Initial Reaction to Results

My initial reaction to the election results is that they could have been better, but then they could have been much worse. Of course, as a member of OneCity I was very disappointed that RJ Aquino did not get elected. I was also disappointed that Jane and Gwen from the Public Education Project were not elected.

That said, my initial reaction is not dissimilar from Christopher Porter’s, which is posted on his blog at: Included in his post are results for Council, School Board and Parks Board, info about turnout and graphs to illustrate them.

Christopher has also committed to providing a deeper analysis of the election results based on data, once the spreadsheets are published. He also sets out some good questions that he hopes to find answers for.  I really appreciated his analysis of the 2011 election, and am looking forward to this.

Campaign Observations

The candidates from smaller parties and independents’ tended to campaign on substantive community  issues, but could clearly not compete with the “war chests” of the two major parties Vision and the NPA who raised and spent more than 2 million dollars each on attack ads, Robo-calls and internal polling. No wonder Vision and the NPA took all but one seat on council. See voluntary financial disclosure here:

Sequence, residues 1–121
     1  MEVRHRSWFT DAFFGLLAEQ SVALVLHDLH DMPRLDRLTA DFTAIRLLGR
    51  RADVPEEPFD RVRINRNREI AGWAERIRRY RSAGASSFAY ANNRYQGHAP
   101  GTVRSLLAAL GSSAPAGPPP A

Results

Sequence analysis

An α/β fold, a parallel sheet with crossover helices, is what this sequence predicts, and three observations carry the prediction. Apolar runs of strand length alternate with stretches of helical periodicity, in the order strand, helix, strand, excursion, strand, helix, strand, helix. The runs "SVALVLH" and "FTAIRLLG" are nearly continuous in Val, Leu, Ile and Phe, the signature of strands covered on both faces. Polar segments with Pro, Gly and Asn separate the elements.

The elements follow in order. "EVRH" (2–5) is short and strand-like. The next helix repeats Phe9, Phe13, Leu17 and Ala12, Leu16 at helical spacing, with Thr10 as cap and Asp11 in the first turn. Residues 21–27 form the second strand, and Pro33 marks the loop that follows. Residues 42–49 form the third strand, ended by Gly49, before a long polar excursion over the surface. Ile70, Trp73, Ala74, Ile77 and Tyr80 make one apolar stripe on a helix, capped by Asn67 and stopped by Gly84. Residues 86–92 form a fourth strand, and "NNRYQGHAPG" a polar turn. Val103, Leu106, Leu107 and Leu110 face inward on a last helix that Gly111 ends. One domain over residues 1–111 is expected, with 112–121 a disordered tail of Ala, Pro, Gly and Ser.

Aside from charges of corruption and a lawsuit for slander and libel, the major parties campaigned on a select few city wide issues (driven at least in part by internal polling).  While there were brief mentions of issues concerning communities such Grandview – Woodlands, the downtown eastside and Marpole, it was clear that in our “at large system” such issues tend to be disregarded.

Financial Electoral Reforms

There seems to be a fairly broad consensus that electoral finance reforms are needed, and what those reforms are. The elimination of Corporate and Union donations, as well as reasonable limits on donations and spending are supported by all municipal parties, the general public, and even the mainstream media.  Although promised for this round of civic elections by the BC Liberals, they were not included it in the last set of legislative changes to the Municipal act.  They are now being promised to be in place before the 2018 civic elections.

Replacing Vancouver’s “at Large” System

Over the past several years there has been increasing calls to replace Vancouver’s “at large” system of voting, which is unique among major cities.  Options discussed include a ward system or mixed hybrid system with some councilors elected from Wards and some “at large”. Although I originally favored a pure Ward system, I now support the mixed system. A history of Vancouver’s voting systems, which include Wards and proportional representation, and my reasons for supporting a mixed system can be found here: